Pay for What You Can Get for Free? Not Such a Crazy Idea…

All of you, I’m sure, are aware of Radiohead’s recent experiment in distributing its most recent album. Rather than release a CD, the band made its music available for download from its website, giving “customers” the choice of paying whatever amount they wanted for the album. The results of the experiment are of interest to both music industry executives (who can’t believe an artist would cut them out of the loop) and classical economists (who can’t believe a rational consumer would pay for something they can get for free) alike.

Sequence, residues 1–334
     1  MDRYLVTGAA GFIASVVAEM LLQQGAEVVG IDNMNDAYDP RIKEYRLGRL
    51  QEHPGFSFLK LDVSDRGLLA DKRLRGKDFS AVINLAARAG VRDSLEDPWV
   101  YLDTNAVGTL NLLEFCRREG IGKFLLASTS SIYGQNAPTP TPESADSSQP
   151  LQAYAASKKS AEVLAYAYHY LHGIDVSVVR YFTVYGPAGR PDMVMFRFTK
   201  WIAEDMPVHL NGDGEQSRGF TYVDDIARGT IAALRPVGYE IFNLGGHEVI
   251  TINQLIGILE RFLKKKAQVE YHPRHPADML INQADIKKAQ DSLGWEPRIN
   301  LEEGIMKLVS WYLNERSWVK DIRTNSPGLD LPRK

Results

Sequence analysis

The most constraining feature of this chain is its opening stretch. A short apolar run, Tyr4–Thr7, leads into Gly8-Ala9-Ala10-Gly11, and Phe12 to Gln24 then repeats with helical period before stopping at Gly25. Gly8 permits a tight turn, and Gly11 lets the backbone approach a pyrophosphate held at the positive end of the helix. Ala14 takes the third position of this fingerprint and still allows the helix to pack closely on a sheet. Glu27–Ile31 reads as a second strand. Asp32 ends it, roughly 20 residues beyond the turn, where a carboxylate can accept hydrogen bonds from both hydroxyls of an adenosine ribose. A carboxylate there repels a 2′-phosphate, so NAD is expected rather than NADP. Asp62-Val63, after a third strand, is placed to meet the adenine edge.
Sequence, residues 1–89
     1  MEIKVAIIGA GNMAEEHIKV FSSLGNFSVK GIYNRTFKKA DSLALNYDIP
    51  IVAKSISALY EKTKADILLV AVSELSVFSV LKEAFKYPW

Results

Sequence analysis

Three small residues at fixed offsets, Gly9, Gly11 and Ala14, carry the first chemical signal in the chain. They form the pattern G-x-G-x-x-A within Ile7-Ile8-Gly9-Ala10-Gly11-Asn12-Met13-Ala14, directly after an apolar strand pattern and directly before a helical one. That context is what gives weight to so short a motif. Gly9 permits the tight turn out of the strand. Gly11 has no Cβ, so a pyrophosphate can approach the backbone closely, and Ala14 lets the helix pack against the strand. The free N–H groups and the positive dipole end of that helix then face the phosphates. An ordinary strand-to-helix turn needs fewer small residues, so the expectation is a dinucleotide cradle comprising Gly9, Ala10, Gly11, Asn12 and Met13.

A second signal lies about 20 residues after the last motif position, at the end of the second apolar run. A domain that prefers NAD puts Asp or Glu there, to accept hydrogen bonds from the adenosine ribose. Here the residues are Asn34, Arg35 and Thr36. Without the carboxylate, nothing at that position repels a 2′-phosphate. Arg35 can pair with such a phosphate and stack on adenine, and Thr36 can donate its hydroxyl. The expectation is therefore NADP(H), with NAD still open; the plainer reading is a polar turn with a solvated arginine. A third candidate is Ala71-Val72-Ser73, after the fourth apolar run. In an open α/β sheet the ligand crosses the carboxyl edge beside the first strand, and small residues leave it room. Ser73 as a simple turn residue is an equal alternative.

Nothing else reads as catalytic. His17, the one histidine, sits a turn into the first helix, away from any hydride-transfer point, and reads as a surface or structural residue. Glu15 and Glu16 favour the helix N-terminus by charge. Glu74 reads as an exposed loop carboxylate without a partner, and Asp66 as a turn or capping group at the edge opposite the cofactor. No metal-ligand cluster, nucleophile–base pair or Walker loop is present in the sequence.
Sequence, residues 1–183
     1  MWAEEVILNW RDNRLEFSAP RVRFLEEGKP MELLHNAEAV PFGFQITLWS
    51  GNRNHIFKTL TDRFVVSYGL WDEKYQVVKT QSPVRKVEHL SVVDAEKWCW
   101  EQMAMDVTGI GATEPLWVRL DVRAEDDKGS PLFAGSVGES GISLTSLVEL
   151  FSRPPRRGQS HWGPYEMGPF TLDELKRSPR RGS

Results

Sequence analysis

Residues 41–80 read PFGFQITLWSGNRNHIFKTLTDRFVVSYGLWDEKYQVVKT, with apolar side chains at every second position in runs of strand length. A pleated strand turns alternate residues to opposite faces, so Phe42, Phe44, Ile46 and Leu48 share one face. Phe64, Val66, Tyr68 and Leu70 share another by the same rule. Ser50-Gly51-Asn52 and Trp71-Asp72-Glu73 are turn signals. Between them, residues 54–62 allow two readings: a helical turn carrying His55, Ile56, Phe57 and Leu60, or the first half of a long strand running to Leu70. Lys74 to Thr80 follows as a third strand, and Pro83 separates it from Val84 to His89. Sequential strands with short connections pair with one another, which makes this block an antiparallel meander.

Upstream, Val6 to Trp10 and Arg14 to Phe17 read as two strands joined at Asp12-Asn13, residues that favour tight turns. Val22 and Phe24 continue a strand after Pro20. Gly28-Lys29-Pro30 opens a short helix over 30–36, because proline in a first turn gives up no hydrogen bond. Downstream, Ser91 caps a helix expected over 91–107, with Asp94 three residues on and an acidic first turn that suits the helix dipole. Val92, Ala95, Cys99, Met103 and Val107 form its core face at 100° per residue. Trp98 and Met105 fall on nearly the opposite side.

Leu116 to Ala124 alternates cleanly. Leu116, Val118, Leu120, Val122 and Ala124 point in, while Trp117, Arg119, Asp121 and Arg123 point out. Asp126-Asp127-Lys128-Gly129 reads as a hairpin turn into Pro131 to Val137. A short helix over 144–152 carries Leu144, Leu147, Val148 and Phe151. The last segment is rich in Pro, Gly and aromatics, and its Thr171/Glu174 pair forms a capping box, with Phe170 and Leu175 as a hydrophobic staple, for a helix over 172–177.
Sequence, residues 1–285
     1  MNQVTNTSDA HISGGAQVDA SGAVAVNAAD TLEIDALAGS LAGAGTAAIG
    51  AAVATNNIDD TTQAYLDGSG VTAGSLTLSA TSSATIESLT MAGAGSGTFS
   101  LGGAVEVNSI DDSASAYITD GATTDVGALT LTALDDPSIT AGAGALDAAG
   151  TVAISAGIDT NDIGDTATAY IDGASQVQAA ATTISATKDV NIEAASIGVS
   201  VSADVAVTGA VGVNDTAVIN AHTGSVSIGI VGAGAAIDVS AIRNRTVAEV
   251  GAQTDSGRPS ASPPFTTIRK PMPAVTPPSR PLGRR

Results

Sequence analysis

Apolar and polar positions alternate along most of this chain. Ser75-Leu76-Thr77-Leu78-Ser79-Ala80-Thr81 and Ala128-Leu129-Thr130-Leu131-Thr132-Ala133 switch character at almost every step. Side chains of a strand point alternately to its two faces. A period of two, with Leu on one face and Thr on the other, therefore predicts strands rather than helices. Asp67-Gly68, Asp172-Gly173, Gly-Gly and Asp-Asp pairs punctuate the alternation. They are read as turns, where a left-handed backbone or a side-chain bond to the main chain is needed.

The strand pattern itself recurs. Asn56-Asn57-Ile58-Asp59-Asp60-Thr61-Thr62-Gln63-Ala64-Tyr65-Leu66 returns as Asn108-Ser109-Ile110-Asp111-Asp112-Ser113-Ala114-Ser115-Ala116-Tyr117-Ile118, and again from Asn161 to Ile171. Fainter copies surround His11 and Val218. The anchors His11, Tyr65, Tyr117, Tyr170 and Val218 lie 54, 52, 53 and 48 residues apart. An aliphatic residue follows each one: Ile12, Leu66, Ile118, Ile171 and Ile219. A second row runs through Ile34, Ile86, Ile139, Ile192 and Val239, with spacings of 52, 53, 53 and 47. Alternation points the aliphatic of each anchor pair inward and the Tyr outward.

Early results on the experiment are coming in. A company that analyzed several hundred of the downloads reports that 38% of people who downloaded the album paid for it, on average choosing to give about $6 each – which is probably a much larger cut than Radiohead would have seen by distributing their album in the traditional way. And considering the 62% who did not pay would likely have downloaded it for free in any case, Radiohead is no further behind.

I’m not sure this represents a viable new model for music distribution generally, or that it would work for anyone but the biggest bands, but it’s great to see this type of creative use of technology to challenge existing industry and business models. And it may be transferable to other products and media: recently, Paste Magazine started to offer a name-your-own-price subscription, requiring only a minimum payment of $1.

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